This page helps you distinguish between meanings of pairs of similar words used in COMP9414/9814 Artificial Intelligence, or pairs of words, one of which is familiar from some other context, and the other of which is used in a technical sense in COMP9414/9814.
|Words||What's the difference?|
The word agreement refers to a particular feature (often written agr) that is used to indicate whether the particular form of a noun or verb or determiner being used is singular or plural. In languages other than English, other parts of speech (such as adjectives) may have singular/plural forms, and may thus become involved in the agreement distinction. As well as singular/plural, agreement distinguishes (in English) between 1st, 2nd, and 3rd person, that is, between pronoun and noun forms like I, we (first person), you (second person), he, she, it, and they (third person). The word "agreement" comes from "agree" - the idea being that the parts of the sentence must agree with each other on whether the sentence is about a singular grammatical subject. Thus we goes is not OK, because we says that the subject is plural, while goes is a singular form of the word go - we and goes do not agree in this sense.
The word argument is a general mathematical term that is
heavily used in both Prolog programming and Natural Language Processing
terminology. From a Prolog perspective, an
is one of the comma-separated objects that appears between a pair of
parentheses, after a predicate symbol (also known as a relation name).
The word augment is used to indicate the use of grammar rules with extra information added to them in the form of feature restrictions. It just happens that agreement, described above, is a feature commonly used to in augmented grammar rules. Other features used include the sem feature, used to record the logical form of a constituent of a sentence (such as a noun, a noun phrase, or the whole sentence), the var feature, and the subcat feature. "Augment" means to increase something - thus the feature information in augmented grammar rules increases the rules, in size, in information content, and also in terms of power to describe the grammar and semantics of the language.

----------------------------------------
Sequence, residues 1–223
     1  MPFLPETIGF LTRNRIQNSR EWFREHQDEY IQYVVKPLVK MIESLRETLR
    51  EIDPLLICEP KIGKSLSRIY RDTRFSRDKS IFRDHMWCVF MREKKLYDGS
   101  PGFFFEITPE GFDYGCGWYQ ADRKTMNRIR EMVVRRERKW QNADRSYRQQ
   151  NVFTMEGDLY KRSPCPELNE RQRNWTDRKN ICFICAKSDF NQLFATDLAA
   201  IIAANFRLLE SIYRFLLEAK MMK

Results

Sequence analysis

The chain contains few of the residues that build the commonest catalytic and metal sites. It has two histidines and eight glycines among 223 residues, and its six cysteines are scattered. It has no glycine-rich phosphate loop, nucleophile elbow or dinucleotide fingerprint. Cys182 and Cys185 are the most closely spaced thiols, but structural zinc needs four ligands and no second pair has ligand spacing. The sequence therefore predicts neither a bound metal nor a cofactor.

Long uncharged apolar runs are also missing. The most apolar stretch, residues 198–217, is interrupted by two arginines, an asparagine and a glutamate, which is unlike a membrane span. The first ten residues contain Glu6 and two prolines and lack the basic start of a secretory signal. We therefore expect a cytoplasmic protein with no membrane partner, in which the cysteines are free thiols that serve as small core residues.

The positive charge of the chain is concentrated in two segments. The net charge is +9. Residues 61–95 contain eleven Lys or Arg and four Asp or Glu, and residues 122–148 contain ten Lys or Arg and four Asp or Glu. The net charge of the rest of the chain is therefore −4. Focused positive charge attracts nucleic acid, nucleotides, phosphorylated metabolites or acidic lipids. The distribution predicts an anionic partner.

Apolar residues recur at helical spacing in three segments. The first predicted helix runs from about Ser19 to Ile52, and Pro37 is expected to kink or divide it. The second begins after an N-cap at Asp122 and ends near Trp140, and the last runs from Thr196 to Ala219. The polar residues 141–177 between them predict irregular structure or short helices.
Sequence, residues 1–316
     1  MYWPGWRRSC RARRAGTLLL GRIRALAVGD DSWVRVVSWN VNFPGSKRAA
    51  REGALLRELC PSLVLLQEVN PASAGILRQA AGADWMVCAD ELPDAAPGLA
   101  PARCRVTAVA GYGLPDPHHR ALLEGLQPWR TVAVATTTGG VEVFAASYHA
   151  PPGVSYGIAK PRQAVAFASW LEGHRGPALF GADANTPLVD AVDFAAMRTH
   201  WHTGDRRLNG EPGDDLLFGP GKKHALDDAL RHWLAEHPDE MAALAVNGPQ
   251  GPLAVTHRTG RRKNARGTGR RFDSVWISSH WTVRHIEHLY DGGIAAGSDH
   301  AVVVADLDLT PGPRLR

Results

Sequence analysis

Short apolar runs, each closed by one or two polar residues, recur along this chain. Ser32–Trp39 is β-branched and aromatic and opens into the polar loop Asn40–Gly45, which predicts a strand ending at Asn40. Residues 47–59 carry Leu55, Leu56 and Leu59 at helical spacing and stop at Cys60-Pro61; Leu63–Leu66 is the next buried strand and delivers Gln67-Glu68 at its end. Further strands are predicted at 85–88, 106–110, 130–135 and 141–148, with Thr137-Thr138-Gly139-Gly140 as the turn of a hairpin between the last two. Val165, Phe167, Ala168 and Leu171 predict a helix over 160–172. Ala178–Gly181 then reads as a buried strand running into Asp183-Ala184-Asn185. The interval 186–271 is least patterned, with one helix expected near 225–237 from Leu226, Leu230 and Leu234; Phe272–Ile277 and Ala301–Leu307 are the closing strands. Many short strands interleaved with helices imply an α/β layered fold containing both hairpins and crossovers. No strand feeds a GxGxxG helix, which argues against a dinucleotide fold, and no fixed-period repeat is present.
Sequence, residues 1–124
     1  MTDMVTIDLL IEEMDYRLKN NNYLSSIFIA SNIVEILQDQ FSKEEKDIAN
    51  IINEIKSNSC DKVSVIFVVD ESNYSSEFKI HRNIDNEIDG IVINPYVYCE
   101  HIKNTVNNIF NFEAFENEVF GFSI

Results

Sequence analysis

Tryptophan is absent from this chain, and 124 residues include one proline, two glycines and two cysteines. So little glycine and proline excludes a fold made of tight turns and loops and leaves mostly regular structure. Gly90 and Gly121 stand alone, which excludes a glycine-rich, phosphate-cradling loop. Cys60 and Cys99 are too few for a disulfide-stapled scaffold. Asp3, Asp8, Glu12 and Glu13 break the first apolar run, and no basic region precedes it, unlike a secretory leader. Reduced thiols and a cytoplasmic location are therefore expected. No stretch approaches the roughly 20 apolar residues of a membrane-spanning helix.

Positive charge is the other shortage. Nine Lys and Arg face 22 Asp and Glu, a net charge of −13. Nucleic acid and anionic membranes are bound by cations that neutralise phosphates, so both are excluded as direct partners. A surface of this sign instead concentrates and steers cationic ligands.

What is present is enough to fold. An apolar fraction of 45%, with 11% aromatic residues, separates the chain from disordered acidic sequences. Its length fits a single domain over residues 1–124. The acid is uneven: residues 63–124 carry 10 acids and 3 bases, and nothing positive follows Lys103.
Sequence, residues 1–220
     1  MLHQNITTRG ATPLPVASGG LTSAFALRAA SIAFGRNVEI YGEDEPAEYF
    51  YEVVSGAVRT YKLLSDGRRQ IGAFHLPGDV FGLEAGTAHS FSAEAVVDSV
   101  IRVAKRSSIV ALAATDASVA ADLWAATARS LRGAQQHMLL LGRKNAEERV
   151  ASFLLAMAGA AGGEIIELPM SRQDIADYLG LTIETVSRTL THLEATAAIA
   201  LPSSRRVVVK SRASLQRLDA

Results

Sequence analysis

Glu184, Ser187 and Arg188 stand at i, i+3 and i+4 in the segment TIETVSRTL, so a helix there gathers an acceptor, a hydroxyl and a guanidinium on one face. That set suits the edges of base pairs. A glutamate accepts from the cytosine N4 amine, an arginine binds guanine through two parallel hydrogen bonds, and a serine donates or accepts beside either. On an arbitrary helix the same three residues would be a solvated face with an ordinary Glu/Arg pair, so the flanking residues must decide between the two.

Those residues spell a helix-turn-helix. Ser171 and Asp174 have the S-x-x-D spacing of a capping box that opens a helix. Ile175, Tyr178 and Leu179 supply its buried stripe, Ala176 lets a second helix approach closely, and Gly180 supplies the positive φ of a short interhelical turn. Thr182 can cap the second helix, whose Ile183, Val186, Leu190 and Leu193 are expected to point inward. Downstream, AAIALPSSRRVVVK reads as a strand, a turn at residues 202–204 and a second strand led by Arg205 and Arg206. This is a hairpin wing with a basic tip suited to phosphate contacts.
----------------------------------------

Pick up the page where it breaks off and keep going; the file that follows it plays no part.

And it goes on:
The word determinant you are most likely to have met in a technical context in mathematics, where it is a value associated with a matrix (or array) of numbers. If the determinant is non-zero, then the matrix has an inverse, for example.
The word determiner is not related to determinant. It is the name for a part of speech, that is, a class of words, that includes the words a, an, some, the, this, that, these, those, etc., that help to determine exactly what the noun phrase that they begin refers to. For example, this pizza would refer to a pizza near to the speaker, while that pizza would refer to a pizza further away from the speaker.
The word infinite (related to infinity) is used in mathematics to describe a set of objects, often numbers, but could be vectors or points, etc., that is so large that in cannot be counted, even in principle. So the set of all whole numbers, like 1, 234, –86, and so on, is infinite.
The word infinitive is used in linguistics to refer to a form of a verb, or a way of using a verb in a sentence. In English, the infinitive form of a verb starts with the word to and is normally followed by the base form of the verb: to be, to eat, to have, etc. In other European languages, the infinitive form is likely to be a single word: être, manger, avoir in French, for example. Verb phrases can also be infinitive (by including an infinitive verb form) - to be a hero, to eat one's dinner, to have a heart attack. It is not the case that the presence of the word to means that an infinitive will follow, as to is also used as a preposition, so it can also be followed by a noun phrase: e.g. [go] to the bank, [give it] to his mother.
When used in the infinitive context, to is sometimes referred to as the infinitive particle. When used in a prepositional phrase, to is of course a preposition.
To complicate things slightly, sometimes infinitive constructions have extra bits. The extra bits will be auxiliary verbs, adverbs, and not (the negative particle). Examples include: to really like (with the adverb really in the middle), to have eaten (auxiliary have in the middle), and to not know (negative particle in the middle). Constructions like this are called split infinitives if the extra bit is an adverb or the word not.
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